Once set and this action is attempted, the creation of the resource will be prevented. Detective controls include establishing alerting via Azure Sentinel if intended configurations are altered. Enterprises should also perform routine internal audits using tools such as BlobHunter to identify instances where alerting or resource group management policies are not functioning as expected.

According to security research firm Wiz, an enabled-by-default and misconfigured visualization feature that leverages Jupyter Notebooks was activated by Microsoft in February 2021 that freely allowed privilege escalation from any Jupyter Notebook into other Azure customers Jupyter Notebook allowing extraction of primary keys to Cosmos Databases and blob storage access tokens.

Microsoft disabled the feature in late August 2021, but the customer's database primary keys and other secrets may still be exposed on the public internet. The below graphic demonstrates the attack pattern at a high level.

Attackers leverage the Jupyter notebook public cloud

Attackers leverage the Jupyter notebook public cloud and misconfigurations in the Azure notebook feature to extract and obtain Cosmos Database primary keys and storage secrets. The keys are then used to grant the attacker full, remote administrative rights to Cosmos databases and stored data.)

U.S. Cybersecurity and Infrastructure Security Agency (CISA) recommends that Cosmos DB customers who may have been actively using the notebook service regenerate Cosmos Database keys and other digital secrets used by the database service.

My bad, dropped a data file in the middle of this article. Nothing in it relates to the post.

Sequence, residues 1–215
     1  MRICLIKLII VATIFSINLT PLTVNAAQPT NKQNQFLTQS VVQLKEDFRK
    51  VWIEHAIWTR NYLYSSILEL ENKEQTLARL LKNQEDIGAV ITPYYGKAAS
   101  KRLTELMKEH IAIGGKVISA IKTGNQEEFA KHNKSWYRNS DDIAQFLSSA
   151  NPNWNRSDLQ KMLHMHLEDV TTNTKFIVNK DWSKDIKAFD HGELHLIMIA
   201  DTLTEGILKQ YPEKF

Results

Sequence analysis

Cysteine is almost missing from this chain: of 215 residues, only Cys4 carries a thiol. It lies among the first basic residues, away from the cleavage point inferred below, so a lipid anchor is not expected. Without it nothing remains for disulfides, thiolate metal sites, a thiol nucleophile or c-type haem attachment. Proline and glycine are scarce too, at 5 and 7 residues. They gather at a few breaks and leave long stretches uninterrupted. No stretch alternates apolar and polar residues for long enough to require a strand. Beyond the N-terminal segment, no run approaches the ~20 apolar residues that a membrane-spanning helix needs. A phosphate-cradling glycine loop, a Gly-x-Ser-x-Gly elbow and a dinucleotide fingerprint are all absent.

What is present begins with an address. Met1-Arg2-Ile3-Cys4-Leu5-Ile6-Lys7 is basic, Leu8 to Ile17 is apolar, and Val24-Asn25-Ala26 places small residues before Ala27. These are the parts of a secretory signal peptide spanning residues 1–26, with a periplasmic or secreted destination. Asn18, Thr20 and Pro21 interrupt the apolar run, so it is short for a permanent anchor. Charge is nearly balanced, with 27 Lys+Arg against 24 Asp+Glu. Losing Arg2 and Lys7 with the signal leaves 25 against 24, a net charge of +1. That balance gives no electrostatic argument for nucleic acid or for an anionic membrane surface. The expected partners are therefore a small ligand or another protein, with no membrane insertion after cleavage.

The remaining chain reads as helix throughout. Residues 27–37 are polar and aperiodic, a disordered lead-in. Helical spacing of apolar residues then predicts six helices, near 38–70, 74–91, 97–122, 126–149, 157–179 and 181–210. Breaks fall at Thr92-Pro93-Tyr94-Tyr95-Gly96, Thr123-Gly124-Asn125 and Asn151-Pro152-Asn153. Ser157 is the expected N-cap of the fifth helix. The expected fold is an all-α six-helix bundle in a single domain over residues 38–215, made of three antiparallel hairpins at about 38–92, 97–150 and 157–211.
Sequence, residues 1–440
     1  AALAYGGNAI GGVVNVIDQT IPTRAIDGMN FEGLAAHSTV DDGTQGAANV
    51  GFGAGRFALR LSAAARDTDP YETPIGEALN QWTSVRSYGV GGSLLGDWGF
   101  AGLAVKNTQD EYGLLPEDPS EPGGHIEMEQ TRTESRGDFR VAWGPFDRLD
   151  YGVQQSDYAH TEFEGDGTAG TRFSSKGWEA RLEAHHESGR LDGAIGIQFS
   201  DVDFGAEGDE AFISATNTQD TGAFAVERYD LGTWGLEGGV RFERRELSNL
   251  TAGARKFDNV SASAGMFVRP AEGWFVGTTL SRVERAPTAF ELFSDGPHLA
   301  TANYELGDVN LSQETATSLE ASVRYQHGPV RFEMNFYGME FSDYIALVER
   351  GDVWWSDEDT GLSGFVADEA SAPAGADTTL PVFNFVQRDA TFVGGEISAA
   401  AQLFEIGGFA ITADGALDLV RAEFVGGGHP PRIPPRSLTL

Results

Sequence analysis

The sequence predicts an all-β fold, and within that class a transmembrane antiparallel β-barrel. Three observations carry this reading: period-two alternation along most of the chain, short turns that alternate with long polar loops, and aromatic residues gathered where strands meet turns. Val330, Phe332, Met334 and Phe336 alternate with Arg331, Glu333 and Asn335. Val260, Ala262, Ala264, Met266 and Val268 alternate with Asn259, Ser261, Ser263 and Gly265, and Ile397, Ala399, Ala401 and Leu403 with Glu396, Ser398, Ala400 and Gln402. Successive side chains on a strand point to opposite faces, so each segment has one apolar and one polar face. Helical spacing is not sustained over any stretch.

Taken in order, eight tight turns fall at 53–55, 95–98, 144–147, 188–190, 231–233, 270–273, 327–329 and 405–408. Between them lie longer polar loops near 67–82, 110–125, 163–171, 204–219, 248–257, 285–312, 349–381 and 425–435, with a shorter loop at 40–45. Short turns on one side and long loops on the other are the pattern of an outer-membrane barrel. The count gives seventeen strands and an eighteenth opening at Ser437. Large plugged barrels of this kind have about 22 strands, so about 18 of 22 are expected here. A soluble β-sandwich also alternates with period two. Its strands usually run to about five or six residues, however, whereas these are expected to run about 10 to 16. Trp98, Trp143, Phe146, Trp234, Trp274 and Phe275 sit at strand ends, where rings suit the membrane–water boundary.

Additionally, it is a recommended security practice to routinely recycle resource authenticators such as database keys, digital certificates, and secrets associated with sensitive systems and data. Enterprises should also adopt Microsoft best practices for securing CosmosDB, which include but are not limited to the implementation of monitoring controls to detect changes to DocumentDB accounts, detect who is accessing database keys and from which locations.

Defending Azure

Since Azure threats are not purely technical, but as usually associated with human factors, the following processes are necessary to reduce risks:

  • cybersecurity user awareness training,
  • Internal phishing campaigns that allow enterprises to measure user responses and increase internal security awareness for tools and techniques such as Evilginx2 are ideal solutions to reduce or mitigate these phishing risks.

Effective cybersecurity awareness training should increase users' ability to identify suspicious web URLs presented in emails, instill behaviors to inspect hyperlinks before they are clicked upon, and question emails requiring urgent action from senders they may not identify with or expect communications from.

Along with that, a business should implement best security practices for whitelistening websites reachable outside of internal proxy and ensure their validation.

Conclusion

This article has covered a very tiny percentage of primary attack targets and an overview of some techniques hackers use to abuse Azure resources and environments.

Appropriate Azure security requires an enhanced level of due diligence in the Cloud adoption era as resource misconfigurations, vendor feature releases, and user susceptibility to social engineering raise the stakes for security risks to levels not seen previously.

Adoption of in-depth and routine security audits of the environments, cybersecurity awareness education, internal phishing campaigns, and internal red teaming exercises against Azure workloads should be strongly considered if not already adopted.

Tags: 
Threats
Author
Adam Kohnke
Information security professional with over 12 years of experience in IT operations, incident management, IT audit and information security management.